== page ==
Tacrolimus Reactions 1680, p315 - 2 Dec 2017 Acute kidney injury: case report A 67-year-old man developed acute kidney injury (AKI) following treatment with tacrolimus [route, dosage and time to reaction onset not stated] for graft-versus-host disease (GVHD) prophylaxis. The man, who had been diagnosed with acute myelogenous leukaemia (AML), underwent a matched, related-donor, allogenic, peripheral-blood, stem cell transplant. Post- transplantation, he started receiving immunosuppressant treatment with tacrolimus, concurrently with methotrexate for GVHD prophylaxis. A bone marrow biopsy in month 3 was negative for the underlined AML, and the immunosuppression taper with eventual discontinuation was scheduled a few weeks later. In month 8 post-transplantation, he developed mild hepatic GVHD of unspecified aetiology. Hence, the treatment with full-dose tacrolimus, concurrently with mycophenolate and unspecified corticosteroids were started. After 4 months, the dose of tacrolimus was decreased. By month 14 post-transplantation, the dose of immunosuppressant treatment with tacrolimus was again progressively tapered with eventual discontinuation of the tacrolimus therapy. In month 18 post-transplantation, he presented with progressive bilateral lower and upper extremity and facial oedema. Physical examination findings were unremarkable except for bilateral lower and upper extremity oedema and facial swelling. At that point, his serum creatinine concentration was 1.73 mg/dL with an estimated glomerular filtration rate of 42 mL/min/1.73m . He had haemoglobin level of 11.4 g/dL and platelet count of 155 × 10 /mL. Urinalysis showed trace amount protein and blood. The 24 hour urine protein excretion level was 26.1g. A lipid panel showed cholesterol level of 394 mg/dL, triglycerides level of 381 mg/dL, HDL level of 36 mg/ dL and LDL of 282 mg/dL. Serum albumin concentration was 1.8 g/dL. A kidney biopsy was performed, which showed pathologic changes, suggestive of nephrotic syndrome of unspecified aetiology and AKI. His AKI was considered to be related with tacrolimus administration. Additionally, the kidney biopsy also showed changes in the tubulointerstitial compartment, including tubular cell injury appearing as disarray of the tubular epithelium, sloughing of the epithelial cells undergoing apoptosis and, patches of interstitial and tubular inflammation. The man received treatment with unspecified loop diuretics, dietary salts and fluid restriction, and high-dose corticosteroids (prednisone and methylprednisolone). The kidney-injury phase persisted for 10 days, with peak serum creatinine concentration of 3.68 mg/dL. When his serum creatinine concentration substantially decreased, the treatment with tacrolimus was re-initiated. Eventually, his 24-hour urine protein excretion decreased, and he continued receiving treatment with low-dose prednisone and tacrolimus. Author comment: "There are several unique risk factors that predispose patients who have undergone haematopoietic cell transplantation to [acute kidney injury], such as GVHD (as seen in this patient), hepatic sinusoidal obstruction syndrome, calcineurin inhibitor [tacrolimus] toxicity". Chahal J, et al. Acute Kidney Injury and Nephrotic-Range Proteinuria in a Patient 18 Months After Bone Marrow Transplantation. American Journal of Kidney Diseases 70: A12-A15, No. 4, Oct 2017. Available from: URL: http:// doi.org/10.1053/j.ajkd.2017.06.018 - USA 803284849 0114-9954/17/1680-0001/$14.95 Adis © 2017 Springer International Publishing AG. All rights reserved Reactions 2 Dec 2017 No. 1680 http://www.deepdyve.com/assets/images/DeepDyve-Logo-lg.png Reactions Weekly Springer Journals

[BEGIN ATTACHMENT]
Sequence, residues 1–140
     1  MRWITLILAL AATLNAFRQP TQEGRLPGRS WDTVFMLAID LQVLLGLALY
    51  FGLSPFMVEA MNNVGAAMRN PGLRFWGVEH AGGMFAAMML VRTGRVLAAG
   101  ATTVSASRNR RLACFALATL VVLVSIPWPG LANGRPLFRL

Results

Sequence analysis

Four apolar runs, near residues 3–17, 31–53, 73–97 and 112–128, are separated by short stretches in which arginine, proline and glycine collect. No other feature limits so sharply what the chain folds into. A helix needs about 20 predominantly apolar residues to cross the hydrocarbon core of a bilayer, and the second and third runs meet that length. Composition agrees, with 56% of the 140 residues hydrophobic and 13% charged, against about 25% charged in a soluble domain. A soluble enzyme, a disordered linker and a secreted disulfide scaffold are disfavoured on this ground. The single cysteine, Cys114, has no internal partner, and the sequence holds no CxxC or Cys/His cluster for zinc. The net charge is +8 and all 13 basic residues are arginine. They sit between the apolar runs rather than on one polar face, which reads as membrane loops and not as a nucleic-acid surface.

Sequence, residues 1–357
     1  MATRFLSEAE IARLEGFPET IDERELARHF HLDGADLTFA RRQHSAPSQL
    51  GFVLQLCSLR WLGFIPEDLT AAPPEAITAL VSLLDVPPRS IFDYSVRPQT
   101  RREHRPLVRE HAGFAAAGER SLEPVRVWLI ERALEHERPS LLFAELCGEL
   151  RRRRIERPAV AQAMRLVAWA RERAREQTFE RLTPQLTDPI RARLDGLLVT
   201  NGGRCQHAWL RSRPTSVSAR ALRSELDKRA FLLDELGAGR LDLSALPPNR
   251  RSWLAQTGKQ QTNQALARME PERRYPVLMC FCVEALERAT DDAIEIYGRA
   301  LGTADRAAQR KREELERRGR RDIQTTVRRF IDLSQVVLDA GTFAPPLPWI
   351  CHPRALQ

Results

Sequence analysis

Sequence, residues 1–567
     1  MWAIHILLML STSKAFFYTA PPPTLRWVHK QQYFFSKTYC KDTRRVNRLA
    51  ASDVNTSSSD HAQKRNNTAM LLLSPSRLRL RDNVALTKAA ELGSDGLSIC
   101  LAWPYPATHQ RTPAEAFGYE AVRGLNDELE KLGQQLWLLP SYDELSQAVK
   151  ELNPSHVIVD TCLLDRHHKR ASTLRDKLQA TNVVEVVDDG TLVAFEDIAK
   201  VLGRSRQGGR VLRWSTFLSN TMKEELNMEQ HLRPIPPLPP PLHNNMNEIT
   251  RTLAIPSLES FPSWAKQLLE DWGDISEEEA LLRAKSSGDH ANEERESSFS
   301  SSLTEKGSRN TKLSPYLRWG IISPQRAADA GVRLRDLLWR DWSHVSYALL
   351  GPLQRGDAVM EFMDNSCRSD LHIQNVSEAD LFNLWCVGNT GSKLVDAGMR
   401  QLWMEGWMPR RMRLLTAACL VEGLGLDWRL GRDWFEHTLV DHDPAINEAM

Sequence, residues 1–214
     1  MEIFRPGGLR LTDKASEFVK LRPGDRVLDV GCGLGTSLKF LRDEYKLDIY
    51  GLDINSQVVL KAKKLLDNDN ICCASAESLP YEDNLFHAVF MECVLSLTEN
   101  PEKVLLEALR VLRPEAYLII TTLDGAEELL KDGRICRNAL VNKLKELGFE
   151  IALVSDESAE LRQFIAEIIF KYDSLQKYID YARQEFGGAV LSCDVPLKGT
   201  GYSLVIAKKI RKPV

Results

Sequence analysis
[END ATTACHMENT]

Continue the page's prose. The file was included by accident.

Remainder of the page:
Reactions Weekly , Volume 1680 (1) – Dec 2, 2017
1 page

Loading next page...
1 Page
Springer International Publishing
Copyright © 2017 by Springer International Publishing AG, part of Springer Nature
Medicine & Public Health; Drug Safety and Pharmacovigilance; Pharmacology/Toxicology
Publisher site
See Article on Publisher Site


You’re reading a free preview. Subscribe to read the entire article.

DeepDyve is your
personal research library

It’s your single place to instantly
discover and read the research
that matters to you.

Enjoy affordable access to
over 12 million articles from more than
10,000 peer-reviewed journals.

All for just $49/month

Explore the DeepDyve Library

Unlimited reading

Read as many articles as you need. Full articles with original layout, charts and figures. Read online, from anywhere.

Stay up to date

Keep up with your field with Personalized Recommendations and Follow Journals to get automatic updates.

Organize your research

It’s easy to organize your research with our built-in tools.

Your journals are on DeepDyve

Read from thousands of the leading scholarly journals from SpringerNature, Elsevier, Wiley-Blackwell, Oxford University Press and more.

All the latest content is available, no embargo periods.

See the journals in your area

Monthly Plan

  • Read unlimited articles
  • Personalized recommendations
  • No expiration
  • Print 20 pages per month
  • 20% off on PDF purchases
  • Organize your research
  • Get updates on your journals and topic searches


Start Free Trial

14-day Free Trial

Best Deal — 39% off

Annual Plan

  • All the features of the Professional Plan, but for 39% off!
  • Billed annually
  • No expiration
  • For the normal price of 10 articles elsewhere, you get one full year of unlimited access to articles.



billed annually
Start Free Trial

14-day Free Trial